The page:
And this line can also be applied to the situation in the Gulf. The recent news reports now figure we have well over 300 birds and 200 sea turtles (which are highly endangered) dead as a result of the spill in the Gulf. These numbers will continue to grow. And yet, government and industry continues to assert that we can continue offshore drilling...as though these deaths, though sad, don't rock the depth of our delicate chains.
Wildlife conservation has often been depicted at being put at odds with the human causes of industry and employment. And, in a way, this is true. But this is because our enterprises and economy are built on foundations that are inherently unsustainable. We have become so entrenched in these systems, we feel they are our only option as a species or society, even as they degrade and destroy the fabric of our natural world. Even as it threatens us all with extinction.
Just as we had to rip down the institution of slavery (which our country actually heavily relied on economically) to recreated a new paradigm, so we need to do this now. This isn't just about the sadness of seeing dead bird slick with black oil and floating face-down in murky waters.
They deserve the dignity of being able to spread their wings and fly, just as the sea turtles deserve our respect as our elders, to deposit their eggs in the sand and live out their lifetime.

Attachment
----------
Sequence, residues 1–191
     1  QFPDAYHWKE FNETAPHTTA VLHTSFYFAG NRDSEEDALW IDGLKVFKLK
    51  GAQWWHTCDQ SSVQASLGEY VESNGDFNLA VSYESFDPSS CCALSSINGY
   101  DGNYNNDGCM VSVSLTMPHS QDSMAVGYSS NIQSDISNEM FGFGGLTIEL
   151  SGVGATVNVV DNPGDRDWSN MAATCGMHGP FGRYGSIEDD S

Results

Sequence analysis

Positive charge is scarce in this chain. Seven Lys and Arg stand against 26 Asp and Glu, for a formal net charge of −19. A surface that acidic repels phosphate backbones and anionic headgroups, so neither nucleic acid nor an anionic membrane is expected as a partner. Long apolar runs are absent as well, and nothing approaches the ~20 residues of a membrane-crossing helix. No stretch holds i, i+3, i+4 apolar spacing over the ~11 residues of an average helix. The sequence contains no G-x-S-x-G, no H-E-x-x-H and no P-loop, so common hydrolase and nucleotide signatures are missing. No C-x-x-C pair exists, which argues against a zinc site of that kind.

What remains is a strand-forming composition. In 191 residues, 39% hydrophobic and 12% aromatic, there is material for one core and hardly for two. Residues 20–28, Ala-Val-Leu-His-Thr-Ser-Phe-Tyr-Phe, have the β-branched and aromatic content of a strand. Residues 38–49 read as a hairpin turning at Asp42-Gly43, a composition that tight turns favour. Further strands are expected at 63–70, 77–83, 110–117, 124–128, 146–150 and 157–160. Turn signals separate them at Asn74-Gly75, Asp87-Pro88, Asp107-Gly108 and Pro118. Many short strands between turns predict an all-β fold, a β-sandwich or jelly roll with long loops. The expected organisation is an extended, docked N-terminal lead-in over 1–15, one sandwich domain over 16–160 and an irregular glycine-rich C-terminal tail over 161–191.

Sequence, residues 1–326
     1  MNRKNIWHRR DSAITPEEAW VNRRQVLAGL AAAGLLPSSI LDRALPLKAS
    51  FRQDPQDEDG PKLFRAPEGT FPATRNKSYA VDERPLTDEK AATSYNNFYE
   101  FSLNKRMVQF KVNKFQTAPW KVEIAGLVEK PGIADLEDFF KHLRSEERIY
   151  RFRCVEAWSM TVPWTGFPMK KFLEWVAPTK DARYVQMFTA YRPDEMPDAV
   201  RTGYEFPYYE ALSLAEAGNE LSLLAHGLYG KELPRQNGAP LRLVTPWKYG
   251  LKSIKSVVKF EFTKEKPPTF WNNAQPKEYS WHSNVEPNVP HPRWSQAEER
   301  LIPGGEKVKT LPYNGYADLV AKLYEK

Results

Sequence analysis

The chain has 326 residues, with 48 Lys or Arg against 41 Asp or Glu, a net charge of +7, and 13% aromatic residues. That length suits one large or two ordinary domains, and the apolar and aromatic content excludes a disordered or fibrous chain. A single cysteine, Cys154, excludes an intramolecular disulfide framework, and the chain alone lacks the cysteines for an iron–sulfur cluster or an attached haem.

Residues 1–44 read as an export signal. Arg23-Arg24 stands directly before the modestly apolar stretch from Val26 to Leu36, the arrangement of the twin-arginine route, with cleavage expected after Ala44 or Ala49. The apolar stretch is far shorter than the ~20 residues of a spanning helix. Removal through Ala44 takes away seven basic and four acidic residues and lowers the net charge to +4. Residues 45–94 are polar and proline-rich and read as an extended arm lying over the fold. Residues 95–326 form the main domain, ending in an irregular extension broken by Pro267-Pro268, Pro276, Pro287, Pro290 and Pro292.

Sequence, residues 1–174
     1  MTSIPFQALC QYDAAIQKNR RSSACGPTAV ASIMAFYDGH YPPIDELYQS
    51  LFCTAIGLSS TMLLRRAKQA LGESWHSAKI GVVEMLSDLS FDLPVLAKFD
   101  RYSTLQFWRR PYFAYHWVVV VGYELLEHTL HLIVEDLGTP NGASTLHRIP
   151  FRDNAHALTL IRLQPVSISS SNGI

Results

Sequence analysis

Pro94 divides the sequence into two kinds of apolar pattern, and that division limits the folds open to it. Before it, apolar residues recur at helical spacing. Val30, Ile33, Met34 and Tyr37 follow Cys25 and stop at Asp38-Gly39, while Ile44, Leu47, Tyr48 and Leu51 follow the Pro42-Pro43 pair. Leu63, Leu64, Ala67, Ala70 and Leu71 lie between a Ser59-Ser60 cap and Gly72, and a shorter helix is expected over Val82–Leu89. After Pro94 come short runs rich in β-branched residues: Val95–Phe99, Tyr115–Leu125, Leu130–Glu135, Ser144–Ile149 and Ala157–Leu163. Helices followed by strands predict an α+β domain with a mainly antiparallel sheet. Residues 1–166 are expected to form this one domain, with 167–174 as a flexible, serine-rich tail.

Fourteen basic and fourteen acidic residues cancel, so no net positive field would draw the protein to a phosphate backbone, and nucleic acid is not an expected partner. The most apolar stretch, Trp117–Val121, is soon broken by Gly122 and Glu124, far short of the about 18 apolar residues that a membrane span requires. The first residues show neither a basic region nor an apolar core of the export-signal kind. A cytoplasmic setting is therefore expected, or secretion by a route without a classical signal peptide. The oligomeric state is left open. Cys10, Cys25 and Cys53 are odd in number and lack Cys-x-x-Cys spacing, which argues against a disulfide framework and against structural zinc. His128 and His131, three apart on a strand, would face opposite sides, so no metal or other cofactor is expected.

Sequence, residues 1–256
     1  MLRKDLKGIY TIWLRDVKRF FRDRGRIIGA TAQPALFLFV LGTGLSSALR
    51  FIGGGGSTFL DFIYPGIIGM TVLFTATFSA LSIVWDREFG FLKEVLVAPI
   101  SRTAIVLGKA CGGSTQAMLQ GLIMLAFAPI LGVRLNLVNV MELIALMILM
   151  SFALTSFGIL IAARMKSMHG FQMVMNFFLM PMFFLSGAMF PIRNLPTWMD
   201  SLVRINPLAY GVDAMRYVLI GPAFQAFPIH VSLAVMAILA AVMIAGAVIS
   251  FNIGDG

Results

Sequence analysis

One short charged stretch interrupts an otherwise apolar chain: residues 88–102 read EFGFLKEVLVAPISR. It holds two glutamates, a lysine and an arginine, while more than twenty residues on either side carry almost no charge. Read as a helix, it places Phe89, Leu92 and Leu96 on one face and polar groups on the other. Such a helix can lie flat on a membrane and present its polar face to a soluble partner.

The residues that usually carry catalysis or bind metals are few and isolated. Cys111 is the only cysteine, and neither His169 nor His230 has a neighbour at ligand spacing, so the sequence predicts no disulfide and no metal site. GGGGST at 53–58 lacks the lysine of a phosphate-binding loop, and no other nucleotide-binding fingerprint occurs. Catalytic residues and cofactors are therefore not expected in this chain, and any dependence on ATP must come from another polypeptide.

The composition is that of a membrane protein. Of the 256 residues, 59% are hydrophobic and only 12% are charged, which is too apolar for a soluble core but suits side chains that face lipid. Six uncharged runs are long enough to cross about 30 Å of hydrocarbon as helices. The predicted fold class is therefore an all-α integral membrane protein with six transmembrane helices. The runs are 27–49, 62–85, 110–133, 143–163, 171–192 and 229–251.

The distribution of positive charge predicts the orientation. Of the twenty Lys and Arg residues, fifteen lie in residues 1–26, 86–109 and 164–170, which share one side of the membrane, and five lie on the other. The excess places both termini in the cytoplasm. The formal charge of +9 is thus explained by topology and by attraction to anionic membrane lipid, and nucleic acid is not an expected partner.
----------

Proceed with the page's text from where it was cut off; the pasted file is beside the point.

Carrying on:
And I guess this is the main idea of this post. Animals deserve to be treated with dignity by us. This is a strong sentiment of mine. It is why I do not eat meat (due to the ubiquity of factory farms), use personal products that conduct experiments or testing on animals, and why I try to work against the mass culls of companion animals (between 6 and 12 MILLION perfectly adoptable animals are euthanized every year because they are often surrendered by their owners for frivolous reasons).
My cat Cokey also deserves a life of dignity and one relatively free from pain. That is why I balk when I am asked if want to put him to sleep instead of getting him the surgery he needs to live a long and healthy life. I told the hospital I will get the money somehow (again, this blog is about trying to scrape by as a scribe, and being a writer means I don't have the funds to pay thousands of dollars on demand out of pocket). I told them I would sell my car, though it's a 13 year-old beater, so I doubt its sale would put a dent in the expenses of Cokey's surgery.
I will always choose my cat over my car. Come to think of it, giving up my car would be me choosing the wildlife in the Gulf over oil. So again, I think the choice is clear. The pragmatists like to argue that if we can't drill offshore, we can't drive our cars.
You know what I say? Good. Let all the oil wells and refineries shut down. Then we'd actually have to really change our grid and how we live. Then we wouldn't have to choose between oil and wildlife....